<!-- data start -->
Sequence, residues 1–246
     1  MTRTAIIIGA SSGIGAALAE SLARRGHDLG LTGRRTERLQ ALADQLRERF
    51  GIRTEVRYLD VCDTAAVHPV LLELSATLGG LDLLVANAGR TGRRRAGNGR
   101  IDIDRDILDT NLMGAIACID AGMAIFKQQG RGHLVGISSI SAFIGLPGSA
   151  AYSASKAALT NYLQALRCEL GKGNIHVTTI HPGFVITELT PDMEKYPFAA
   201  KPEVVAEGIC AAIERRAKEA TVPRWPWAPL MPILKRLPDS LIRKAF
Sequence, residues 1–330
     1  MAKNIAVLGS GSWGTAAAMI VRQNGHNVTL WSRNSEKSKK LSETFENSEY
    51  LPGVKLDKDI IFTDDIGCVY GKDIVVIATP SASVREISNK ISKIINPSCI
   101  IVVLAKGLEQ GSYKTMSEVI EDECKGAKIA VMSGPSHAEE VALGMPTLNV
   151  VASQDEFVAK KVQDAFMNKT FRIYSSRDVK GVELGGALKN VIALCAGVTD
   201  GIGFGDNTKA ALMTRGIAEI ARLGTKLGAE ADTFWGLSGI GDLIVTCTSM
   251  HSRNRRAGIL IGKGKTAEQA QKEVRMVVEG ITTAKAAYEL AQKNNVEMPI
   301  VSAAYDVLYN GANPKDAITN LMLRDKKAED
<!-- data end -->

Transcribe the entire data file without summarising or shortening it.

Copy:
Sequence, residues 1–246
     1  MTRTAIIIGA SSGIGAALAE SLARRGHDLG LTGRRTERLQ ALADQLRERF
    51  GIRTEVRYLD VCDTAAVHPV LLELSATLGG LDLLVANAGR TGRRRAGNGR
   101  IDIDRDILDT NLMGAIACID AGMAIFKQQG RGHLVGISSI SAFIGLPGSA
   151  AYSASKAALT NYLQALRCEL GKGNIHVTTI HPGFVITELT PDMEKYPFAA
   201  KPEVVAEGIC AAIERRAKEA TVPRWPWAPL MPILKRLPDS LIRKAF
Sequence, residues 1–330
     1  MAKNIAVLGS GSWGTAAAMI VRQNGHNVTL WSRNSEKSKK LSETFENSEY
    51  LPGVKLDKDI IFTDDIGCVY GKDIVVIATP SASVREISNK ISKIINPSCI
   101  IVVLAKGLEQ GSYKTMSEVI EDECKGAKIA VMSGPSHAEE VALGMPTLNV
   151  VASQDEFVAK KVQDAFMNKT FRIYSSRDVK GVELGGALKN VIALCAGVTD
   201  GIGFGDNTKA ALMTRGIAEI ARLGTKLGAE ADTFWGLSGI GDLIVTCTSM
   251  HSRNRRAGIL IGKGKTAEQA QKEVRMVVEG ITTAKAAYEL AQKNNVEMPI
   301  VSAAYDVLYN GANPKDAITN LMLRDKKAED